Like banh mi sandwiches, southern Viet rice noodle salad bowls are adaptable and great for healthful, impromptu meals. Often categorized at restaurants as rice vermicelli bowls or bún (the name of the noodles), they’re built on this blueprint: A large bowl filled with ribbons of lettuce and a thin, crunchy vegetable for texture; fresh herbs for pungency; and slippery rice noodles to convey flavors. You get to choose the toppings, which are inevitably garnished with roasted peanuts. A fancy bowl often has pickled radish and carrot for color and crunch, plus fried shallots for extra richness (canned fried onions are my lazy-day sub). You dress the bowl with nước chấm dipping sauce, toss it with chopsticks (or a fork) and spoon, and then dive in.
To quickly make your own, keep some dried noodles on hand as well as a jar of nước chấm sauce base, washed herbs and lettuce or baby lettuce mix, and roasted nuts. All that’s left is the main attraction. Following is a versatile marinade for beef, pork, and chicken skewers. In Notes, you’ll find more ideas to fuel your creativity.
To grill the meat, you will need skewers. With 6-inch skewers, you’ll fill eight to ten of them; with 10-inch ones, you’ll need four or five skewers.
3 garlic cloves, chopped
½ cup coarsely chopped shallot or yellow onion
¼ teaspoon plus ⅛ teaspoon recently ground black pepper
½ teaspoon Chinese five-spice powder
1½ tablespoons granulated sugar, or 2 tablespoons packed light brown sugar
½ teaspoon molasses, dark amber honey, or Caramel Sauce (this page)
1½ tablespoons fish sauce
1 teaspoon soy sauce
1½ tablespoons canola or other neutral oil, plus more for grilling
1¼ pounds well-marbled beefsteak (such as tri-tip or New York strip steak), boneless pork shoulder, boneless country-style pork ribs, or boneless, skinless chicken thigh
One 6- to 8-ounce package small dried round rice noodles (maifun), or one 10- to 12-ounce package dried rice capellini or thin spaghetti (see this page)
1 cup Nuoc Cham Dipping Sauce (this page)
⅔ cup unsalted roasted peanuts or cashew pieces, coarsely chopped if large
¼ cup fried onions or shallots (optional)
4 cups baby lettuce mix or leaves of soft-leaf lettuce (such as butter, Boston, or green leaf), cut into narrow ribbons, with spines intact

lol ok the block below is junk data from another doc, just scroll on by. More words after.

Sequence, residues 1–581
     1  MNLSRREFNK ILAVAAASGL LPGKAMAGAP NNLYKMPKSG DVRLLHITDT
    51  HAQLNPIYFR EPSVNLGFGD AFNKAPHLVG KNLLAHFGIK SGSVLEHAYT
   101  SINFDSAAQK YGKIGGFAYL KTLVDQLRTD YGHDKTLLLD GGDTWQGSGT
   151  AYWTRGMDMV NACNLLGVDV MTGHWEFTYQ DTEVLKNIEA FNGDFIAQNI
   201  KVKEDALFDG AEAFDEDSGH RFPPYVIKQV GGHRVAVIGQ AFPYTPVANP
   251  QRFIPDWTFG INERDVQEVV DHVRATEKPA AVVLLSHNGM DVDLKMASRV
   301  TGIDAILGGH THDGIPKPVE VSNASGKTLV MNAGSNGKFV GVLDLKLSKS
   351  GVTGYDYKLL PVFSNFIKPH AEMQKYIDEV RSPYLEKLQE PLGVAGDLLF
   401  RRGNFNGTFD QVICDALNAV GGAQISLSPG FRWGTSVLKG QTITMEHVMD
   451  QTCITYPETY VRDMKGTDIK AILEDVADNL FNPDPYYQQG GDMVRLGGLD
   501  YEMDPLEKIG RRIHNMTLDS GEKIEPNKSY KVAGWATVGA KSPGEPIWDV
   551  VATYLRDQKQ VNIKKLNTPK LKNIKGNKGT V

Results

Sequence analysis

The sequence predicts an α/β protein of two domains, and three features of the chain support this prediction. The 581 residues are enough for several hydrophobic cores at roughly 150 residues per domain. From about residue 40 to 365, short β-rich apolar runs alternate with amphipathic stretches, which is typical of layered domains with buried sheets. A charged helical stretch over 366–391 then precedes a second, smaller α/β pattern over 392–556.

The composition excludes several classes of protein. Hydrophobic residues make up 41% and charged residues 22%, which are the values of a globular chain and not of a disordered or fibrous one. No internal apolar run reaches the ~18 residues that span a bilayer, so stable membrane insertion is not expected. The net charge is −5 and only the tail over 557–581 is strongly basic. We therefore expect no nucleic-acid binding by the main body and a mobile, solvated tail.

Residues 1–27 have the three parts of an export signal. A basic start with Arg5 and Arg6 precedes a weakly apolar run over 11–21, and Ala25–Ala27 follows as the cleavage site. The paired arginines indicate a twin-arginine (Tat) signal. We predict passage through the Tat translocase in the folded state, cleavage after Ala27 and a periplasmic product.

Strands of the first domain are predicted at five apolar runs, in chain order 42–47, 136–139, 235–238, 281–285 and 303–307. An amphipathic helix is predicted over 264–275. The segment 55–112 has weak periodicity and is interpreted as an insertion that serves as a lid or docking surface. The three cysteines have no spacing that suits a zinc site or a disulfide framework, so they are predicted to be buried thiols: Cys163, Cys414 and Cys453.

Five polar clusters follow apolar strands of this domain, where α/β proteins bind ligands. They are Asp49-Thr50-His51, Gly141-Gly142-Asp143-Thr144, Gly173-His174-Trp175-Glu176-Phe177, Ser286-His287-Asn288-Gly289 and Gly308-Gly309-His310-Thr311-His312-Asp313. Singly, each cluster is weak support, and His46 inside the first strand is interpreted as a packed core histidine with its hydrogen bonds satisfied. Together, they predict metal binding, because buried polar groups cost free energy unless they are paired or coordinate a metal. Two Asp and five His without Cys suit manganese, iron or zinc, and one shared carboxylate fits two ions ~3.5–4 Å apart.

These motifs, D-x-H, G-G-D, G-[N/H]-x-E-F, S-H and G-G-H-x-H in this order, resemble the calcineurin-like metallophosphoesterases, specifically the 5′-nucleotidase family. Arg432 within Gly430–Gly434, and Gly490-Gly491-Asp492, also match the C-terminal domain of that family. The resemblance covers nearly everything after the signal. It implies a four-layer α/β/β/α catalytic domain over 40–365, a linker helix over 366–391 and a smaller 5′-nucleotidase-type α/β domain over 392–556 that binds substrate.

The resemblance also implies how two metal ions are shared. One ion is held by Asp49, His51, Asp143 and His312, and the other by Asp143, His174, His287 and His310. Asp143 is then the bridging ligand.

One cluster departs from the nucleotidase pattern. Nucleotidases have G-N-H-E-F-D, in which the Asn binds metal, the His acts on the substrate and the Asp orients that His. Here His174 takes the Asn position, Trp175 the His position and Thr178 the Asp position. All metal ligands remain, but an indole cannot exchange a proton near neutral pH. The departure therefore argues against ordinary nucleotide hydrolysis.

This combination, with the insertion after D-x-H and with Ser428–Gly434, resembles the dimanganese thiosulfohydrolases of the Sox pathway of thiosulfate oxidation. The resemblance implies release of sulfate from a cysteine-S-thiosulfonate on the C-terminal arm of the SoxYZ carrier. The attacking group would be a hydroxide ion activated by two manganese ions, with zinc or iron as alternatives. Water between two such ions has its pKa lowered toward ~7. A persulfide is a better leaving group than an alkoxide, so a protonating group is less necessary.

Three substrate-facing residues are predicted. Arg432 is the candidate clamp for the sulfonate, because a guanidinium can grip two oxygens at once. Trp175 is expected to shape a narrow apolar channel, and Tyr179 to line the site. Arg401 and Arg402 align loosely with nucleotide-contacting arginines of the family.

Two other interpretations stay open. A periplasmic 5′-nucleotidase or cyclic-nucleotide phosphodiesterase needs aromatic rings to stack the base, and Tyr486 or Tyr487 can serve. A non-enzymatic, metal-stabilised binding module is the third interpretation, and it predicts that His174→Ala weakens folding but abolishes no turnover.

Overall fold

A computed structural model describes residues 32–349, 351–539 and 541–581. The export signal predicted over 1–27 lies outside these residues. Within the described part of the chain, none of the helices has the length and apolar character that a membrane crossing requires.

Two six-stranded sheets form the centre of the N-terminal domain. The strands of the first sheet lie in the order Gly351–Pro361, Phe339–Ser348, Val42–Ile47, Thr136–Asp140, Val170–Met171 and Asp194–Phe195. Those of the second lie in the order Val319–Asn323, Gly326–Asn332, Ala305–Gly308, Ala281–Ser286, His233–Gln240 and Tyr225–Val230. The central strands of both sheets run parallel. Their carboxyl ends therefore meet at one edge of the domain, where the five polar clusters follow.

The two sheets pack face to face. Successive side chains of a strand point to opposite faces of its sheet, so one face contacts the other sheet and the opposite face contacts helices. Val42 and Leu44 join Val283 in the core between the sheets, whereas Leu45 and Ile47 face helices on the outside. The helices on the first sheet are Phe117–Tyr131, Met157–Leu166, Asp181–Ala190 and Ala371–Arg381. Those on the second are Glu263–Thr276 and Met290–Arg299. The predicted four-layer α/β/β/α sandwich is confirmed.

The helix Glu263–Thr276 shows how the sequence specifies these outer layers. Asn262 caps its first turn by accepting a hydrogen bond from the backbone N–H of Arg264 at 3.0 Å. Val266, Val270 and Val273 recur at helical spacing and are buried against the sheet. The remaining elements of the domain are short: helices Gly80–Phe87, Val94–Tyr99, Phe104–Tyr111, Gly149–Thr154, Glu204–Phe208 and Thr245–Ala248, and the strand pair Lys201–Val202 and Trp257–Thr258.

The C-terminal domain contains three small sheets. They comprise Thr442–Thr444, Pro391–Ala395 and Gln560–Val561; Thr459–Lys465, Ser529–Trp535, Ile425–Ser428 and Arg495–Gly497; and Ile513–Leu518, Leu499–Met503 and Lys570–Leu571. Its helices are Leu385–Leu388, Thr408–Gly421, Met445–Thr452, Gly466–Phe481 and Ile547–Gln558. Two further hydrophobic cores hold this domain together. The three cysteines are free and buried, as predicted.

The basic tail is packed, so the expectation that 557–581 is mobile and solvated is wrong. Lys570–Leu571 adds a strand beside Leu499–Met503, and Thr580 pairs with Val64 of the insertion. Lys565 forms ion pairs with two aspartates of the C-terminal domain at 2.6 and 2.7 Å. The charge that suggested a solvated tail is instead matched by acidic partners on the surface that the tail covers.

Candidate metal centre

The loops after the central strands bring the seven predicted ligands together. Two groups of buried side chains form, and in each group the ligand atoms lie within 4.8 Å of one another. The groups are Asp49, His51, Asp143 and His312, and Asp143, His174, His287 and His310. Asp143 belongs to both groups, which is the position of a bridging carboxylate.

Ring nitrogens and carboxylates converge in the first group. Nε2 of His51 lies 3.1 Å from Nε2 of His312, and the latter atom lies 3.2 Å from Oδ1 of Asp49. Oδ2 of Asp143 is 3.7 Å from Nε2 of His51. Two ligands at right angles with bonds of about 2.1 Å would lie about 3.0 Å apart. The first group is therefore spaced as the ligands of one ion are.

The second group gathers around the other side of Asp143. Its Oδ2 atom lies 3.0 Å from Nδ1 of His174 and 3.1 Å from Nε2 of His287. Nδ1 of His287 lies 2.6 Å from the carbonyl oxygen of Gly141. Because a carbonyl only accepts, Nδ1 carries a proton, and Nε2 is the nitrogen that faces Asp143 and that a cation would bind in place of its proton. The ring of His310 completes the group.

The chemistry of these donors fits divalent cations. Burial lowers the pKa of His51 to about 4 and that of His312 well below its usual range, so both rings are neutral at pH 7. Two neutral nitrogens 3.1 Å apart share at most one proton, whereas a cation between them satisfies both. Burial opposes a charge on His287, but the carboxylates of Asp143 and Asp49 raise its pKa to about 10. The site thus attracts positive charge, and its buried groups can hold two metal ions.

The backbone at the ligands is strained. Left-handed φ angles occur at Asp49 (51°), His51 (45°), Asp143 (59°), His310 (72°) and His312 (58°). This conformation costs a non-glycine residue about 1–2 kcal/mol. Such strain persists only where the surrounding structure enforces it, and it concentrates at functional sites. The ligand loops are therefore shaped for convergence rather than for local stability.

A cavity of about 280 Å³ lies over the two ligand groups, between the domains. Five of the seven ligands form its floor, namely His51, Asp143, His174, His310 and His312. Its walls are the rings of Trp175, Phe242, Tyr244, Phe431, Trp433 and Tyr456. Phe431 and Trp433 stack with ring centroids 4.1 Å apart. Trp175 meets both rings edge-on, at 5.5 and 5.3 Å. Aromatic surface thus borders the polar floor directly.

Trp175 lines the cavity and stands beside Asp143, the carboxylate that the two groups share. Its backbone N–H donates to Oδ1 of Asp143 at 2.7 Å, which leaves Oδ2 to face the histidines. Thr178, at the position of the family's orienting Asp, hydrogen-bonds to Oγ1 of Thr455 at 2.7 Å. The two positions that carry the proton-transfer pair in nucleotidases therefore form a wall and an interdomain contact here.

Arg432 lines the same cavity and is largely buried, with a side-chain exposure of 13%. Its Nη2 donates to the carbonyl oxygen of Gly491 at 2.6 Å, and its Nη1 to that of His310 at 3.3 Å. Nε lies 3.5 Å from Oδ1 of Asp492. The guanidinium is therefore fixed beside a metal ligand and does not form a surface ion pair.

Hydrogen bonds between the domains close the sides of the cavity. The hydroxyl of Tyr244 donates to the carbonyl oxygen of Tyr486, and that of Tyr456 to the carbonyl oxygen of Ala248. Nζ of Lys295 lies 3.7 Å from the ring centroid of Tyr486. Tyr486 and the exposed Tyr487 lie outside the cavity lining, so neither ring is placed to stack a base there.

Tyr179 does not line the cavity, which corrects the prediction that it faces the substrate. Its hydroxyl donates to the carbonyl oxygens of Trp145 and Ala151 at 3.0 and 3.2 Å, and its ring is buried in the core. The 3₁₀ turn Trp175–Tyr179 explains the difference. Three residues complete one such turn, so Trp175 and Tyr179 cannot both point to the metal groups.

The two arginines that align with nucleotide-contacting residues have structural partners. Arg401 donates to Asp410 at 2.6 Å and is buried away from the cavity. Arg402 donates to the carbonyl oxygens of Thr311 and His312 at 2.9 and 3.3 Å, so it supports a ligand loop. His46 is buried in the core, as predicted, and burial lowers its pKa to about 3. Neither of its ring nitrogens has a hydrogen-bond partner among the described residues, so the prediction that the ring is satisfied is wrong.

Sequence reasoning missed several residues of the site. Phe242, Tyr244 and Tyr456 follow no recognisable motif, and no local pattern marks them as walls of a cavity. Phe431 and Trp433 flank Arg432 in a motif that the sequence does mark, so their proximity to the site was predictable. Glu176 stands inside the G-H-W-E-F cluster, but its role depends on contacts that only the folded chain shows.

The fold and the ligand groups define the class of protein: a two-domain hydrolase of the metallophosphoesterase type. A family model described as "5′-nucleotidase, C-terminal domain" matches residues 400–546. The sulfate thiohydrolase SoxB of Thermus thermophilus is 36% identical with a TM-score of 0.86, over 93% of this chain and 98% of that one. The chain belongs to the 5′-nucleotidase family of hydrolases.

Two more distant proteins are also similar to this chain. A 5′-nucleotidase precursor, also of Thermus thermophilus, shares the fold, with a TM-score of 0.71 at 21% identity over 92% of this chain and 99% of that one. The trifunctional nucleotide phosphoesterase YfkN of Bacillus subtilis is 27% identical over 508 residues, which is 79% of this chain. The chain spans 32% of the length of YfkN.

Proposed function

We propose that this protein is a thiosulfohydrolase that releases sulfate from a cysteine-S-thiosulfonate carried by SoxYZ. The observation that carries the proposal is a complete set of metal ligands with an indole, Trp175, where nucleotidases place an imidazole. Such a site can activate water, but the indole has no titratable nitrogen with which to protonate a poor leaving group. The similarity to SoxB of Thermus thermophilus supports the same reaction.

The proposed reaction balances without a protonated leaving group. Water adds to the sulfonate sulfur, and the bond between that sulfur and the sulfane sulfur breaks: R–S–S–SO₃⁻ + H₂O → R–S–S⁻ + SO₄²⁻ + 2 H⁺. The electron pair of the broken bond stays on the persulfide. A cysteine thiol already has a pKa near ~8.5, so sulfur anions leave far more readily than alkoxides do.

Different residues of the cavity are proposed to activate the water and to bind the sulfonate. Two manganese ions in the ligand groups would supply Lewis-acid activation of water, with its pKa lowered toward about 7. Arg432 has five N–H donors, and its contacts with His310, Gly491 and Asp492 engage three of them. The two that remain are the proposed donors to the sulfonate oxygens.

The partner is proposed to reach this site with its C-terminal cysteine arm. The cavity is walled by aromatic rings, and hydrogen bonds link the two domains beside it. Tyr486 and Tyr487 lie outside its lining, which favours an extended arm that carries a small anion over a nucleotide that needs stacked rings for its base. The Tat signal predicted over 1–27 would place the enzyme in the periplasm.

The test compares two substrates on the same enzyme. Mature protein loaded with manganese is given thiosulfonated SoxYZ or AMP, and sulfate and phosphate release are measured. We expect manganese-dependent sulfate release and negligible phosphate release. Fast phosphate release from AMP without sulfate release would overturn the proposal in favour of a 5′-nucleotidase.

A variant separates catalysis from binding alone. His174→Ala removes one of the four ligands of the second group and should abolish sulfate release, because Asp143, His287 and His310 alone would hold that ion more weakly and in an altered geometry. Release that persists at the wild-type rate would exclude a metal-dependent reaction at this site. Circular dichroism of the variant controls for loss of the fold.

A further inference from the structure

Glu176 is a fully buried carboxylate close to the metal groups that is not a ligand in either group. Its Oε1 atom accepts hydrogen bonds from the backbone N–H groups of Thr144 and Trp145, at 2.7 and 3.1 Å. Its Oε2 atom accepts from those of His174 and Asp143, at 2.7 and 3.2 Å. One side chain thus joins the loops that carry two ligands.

3 or 4 handfuls bean sprouts, or 1 Persian cucumber, shaved with a vegetable peeler into thin strips, or both
½ cup hand-torn fresh cilantro leaves and tender tops
½ cup hand-torn fresh mint leaves, basil leaves, or dill fronds, or a combination
½ to ¾ cup Any Day Viet Pickle (this page; optional, but encouraged for extra dimension)
If using wooden skewers and intending to cook over a live fire, soak them in hot water for twenty minutes.
To make the marinade In a small food processor, combine the garlic, shallot, pepper, five-spice powder, sugar, molasses, fish sauce, soy sauce, and canola oil, then whirl into a slightly coarse, liquid marinade. (Or, pound the garlic, shallot, and sugar with a mortar and pestle and mix in the other ingredients.) Transfer the marinade to a large bowl.
If using beef or pork, cut the meat across the grain into strips about 1 inch wide, three inches long, and a scant ¼ inch thick. If using chicken, cut each thigh crosswise into 1-inch-wide strips; if a thigh is super-thick on one end, cut one or two gashes there to even out the thickness before cutting the strips. Add to the marinade, and massage to coat well.
Thread the meat onto the skewers, covering most of each skewer. For succulence, give each loaded skewer a gentle squeeze to ensure that the meat hugs the skewer. Set on a plate, cover, and let marinate at room temperature for 30 to 60 minutes.
Meanwhile, in a pot of unsalted water, boil the noodles until tender; the cooking time depends on the noodle and brand. Drain in a colander, rinse with cold water, and set aside to drain well. Put the dipping sauce in a serving bowl. Set the nuts and fried onions (if using) near the stove, this recipe is so yummy.